Hong Kong pro-democracy tabloid Apple Daily prints final edition


Hong Kong’s sole remaining pro-democracy newspaper published its last edition Thursday after five editors and executives were arrested and millions of dollars in its assets were frozen as part of China’s increasing crackdown on dissent in the semi-autonomous city.

The board of directors of parent company Next Media said in a statement Wednesday that the print and online editions will cease due to “the current circumstances prevailing in Hong Kong.” 

The silencing of a prominent pro-democracy voice was the latest sign of China’s determination to exert greater control over the semi-autonomous region after huge protests in 2019 shook the government.

Since then, Beijing has imposed a strict national security law — used in the arrests of the newspaper employees — and revamped Hong Kong’s election laws to keep opposition voices out of the legislature.

Last issue of Apple Daily arrives at a newspaper booth in Hong Kong on June 24, 2021. (Vincent Yu/The Associated Press)

Apple Daily was founded by tycoon Jimmy Lai in 1995 — just two years before Britain handed Hong Kong back to China — and initially was a tabloid known for celebrity gossip.

But Lai also portrayed the paper as an advocate of democratic values and said it should “shine a light on snakes, insects, mice and ants in the dark,” according to the paper.

It grew into an outspoken voice for defending Hong Kong’s freedoms not found in mainland China, and in recent years it often criticized the Chinese and Hong Kong governments for limiting those freedoms and reneging on a promise to protect them for 50 years after the handover.

While pro-democracy media outlets still exist online, it was the only print newspaper of its kind left in the city.

In a post on Instagram, the paper thanked its readers.

“Even if the ending is not what we want, even if it’s difficult to let go, we need to continue living and keep the determination we have shared with Hong Kong people that has remained unchanged over 26 years,” Apple Daily wrote.

The newspaper said it planned to print one million copies for the final edition, up from the usual 80,000, and people lined up to buy them.

A man holds a stack of the last issue of Apple Daily at a newspaper booth in Hong Kong on June 24, 2021. (Vincent Yu/The Associated Press)

The paper’s announcement coincided with the start of the city’s first trial under the year-old national security law that is being closely watched as a barometer of how strictly the courts will interpret the legislation.

The widely expected move to close Apple Daily followed last week’s arrests of the five editors and crucially the freezing of $2.3 million US of the paper’s assets. Its board of directors wrote a few days ago to ask Hong Kong’s security bureau to release some of the money so the company could pay wages, but it’s not clear if it got a response. The paper also said it made the decision to close out of concern for employees’ safety.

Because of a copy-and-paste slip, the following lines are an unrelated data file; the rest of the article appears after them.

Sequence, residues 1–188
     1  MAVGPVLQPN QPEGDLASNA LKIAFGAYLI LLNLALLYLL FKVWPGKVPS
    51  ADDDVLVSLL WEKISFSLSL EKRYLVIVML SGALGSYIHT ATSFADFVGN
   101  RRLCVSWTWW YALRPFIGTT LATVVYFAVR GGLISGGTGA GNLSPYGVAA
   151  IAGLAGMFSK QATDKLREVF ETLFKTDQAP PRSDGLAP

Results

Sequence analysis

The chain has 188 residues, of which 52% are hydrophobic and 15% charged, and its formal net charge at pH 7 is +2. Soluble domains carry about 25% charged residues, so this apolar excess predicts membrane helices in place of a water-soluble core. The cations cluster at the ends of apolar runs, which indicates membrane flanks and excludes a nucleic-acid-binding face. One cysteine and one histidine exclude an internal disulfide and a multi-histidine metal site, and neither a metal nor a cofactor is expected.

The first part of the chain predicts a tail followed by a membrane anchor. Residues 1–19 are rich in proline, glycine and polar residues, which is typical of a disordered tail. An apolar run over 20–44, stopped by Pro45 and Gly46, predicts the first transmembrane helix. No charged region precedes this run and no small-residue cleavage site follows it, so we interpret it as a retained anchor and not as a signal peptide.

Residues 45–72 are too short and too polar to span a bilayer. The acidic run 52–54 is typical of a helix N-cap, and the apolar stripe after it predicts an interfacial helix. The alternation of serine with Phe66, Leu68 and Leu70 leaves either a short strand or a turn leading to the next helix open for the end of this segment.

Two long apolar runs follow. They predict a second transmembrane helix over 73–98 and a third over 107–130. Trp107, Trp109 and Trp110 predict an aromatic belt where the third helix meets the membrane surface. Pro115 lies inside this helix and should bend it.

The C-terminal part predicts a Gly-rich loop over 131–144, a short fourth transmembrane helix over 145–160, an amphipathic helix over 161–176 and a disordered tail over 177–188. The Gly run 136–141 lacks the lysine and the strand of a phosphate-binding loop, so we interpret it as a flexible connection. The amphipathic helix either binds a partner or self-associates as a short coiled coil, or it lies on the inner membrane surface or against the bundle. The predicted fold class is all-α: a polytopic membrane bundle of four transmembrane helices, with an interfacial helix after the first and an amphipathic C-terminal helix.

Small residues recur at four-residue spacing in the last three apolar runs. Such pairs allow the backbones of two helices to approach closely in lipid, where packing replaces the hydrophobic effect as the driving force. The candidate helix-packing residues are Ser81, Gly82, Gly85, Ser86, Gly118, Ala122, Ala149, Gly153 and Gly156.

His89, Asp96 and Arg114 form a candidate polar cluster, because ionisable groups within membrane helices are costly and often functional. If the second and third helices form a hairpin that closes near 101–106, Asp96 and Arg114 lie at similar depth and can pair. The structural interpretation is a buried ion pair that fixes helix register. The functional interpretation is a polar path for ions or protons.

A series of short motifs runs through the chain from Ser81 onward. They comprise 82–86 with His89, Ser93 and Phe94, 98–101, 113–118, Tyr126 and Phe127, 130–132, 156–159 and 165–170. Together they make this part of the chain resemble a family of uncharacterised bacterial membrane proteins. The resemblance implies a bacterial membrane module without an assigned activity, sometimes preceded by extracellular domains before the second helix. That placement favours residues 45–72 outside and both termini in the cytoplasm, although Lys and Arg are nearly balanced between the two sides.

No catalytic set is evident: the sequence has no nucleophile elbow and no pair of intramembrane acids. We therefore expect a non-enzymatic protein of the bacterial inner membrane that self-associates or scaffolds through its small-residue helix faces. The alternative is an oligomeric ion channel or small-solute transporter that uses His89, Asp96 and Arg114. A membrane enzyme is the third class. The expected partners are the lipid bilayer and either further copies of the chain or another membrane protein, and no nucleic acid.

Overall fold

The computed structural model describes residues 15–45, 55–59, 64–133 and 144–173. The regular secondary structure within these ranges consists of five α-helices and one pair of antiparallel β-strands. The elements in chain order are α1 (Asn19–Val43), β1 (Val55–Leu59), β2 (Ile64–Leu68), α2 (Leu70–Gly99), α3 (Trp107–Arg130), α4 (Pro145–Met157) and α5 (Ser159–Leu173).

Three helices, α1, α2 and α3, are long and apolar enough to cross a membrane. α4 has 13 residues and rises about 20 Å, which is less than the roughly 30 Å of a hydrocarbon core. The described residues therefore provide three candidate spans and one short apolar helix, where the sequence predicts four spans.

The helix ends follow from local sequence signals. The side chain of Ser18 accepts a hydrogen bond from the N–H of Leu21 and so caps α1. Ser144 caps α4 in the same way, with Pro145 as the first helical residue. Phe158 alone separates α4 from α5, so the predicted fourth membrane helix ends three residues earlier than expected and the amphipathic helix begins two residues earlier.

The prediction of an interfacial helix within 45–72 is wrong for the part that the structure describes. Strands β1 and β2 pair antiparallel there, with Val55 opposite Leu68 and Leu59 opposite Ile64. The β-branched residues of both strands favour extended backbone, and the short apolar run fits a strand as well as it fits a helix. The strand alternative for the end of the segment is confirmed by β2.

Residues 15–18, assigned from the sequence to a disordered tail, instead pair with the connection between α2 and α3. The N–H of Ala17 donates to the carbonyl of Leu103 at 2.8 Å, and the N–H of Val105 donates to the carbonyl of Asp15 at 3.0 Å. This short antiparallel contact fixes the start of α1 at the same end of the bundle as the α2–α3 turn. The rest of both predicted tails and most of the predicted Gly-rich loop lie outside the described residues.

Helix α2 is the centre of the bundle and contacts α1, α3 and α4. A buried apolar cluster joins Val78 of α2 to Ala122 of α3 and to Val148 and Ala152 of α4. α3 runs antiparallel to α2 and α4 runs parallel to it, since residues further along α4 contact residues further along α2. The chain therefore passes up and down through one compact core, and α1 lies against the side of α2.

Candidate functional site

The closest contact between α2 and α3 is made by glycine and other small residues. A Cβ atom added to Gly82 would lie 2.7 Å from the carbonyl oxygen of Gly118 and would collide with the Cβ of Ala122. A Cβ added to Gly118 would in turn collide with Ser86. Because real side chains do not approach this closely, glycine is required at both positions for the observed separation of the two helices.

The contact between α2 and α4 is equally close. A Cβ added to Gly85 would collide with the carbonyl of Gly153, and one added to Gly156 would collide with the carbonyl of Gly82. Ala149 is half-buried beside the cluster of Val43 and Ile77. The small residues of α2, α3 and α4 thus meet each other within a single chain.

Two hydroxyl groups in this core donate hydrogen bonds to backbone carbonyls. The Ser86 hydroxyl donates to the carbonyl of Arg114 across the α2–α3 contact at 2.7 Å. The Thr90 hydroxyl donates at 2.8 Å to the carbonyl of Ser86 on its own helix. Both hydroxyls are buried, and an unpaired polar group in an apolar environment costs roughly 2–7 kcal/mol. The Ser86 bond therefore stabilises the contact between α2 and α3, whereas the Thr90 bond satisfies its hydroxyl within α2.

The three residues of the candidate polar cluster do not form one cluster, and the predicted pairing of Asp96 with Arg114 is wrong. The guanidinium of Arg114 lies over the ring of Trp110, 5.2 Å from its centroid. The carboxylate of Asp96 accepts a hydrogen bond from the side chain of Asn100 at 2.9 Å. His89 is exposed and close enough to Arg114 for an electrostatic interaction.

The editors and executives were detained on suspicion of colluding with foreigners to endanger national security. Police cited more than 30 articles published by the paper as evidence of an alleged conspiracy to encourage foreign nations to impose sanctions on Hong Kong and China.

Supporters of of Apple Daily show signs to thank the reporters at the headquarters in Hong Kong on Thursday. (Kin Cheung/The Associated Press)

It was the first time the national security law had been used against journalists for something they published.

Police also Wednesday arrested a 55-year-old man on suspicion of foreign collusion to endanger national security. According to Apple Daily, which cited unidentified sources, the man writes editorials for the newspaper under the pseudonym Li Ping.

Lai, the newspaper’s founder, faces charges under the national security law for foreign collusion and is currently serving a prison sentence for his involvement in the 2019 protests.

Criticism from abroad

The move against Apple Daily drew criticism from the U.S., the EU, Britain and also Canada.

The forced closure by Hong Kong authorities “is a chilling demonstration of their campaign to silence all opposition voices,” British Foreign Secretary Dominic Raab said in a Twitter post. “It is clearer than ever that the [national security law] is being used to curtail freedom and punish dissent.”

German Foreign Ministry spokesperson Maria Adebahr called the closure a “hard blow against press freedom in Hong Kong.”

Staff members of Apple Daily leave the newspaper’s offices in Hong Kong on Thursday. (Tyrone Siu/Reuters)

Canada’s foreign affairs minister, Marc Garneau, called “the forced closure” of the Apple Daily “a significant blow to freedom of the press and freedom of speech in Hong Kong.”

Amnesty International Asia-Pacific regional director Yamini Mishra said the police action against Apple Daily will “send a shiver down the spine of all media outlets operating in Hong Kong.”

“The forced closure of Apple Daily is the blackest day for media freedom in Hong Kong’s recent history,” Mishra said. “The paper has been effectively banned by the government for publishing articles that criticized it, and for reporting on international discussions about Hong Kong.”

Taiwan’s government expressed its condemnation of the “political oppression” of Hong Kong media after the Apple Daily printed its last edition.

Taiwan’s Mainland Affairs Council said this “unfortunate incident” has sounded the death knell for freedom of press and speech in Hong Kong and that history will always record the “ugly face” of those in power suppressing freedom.

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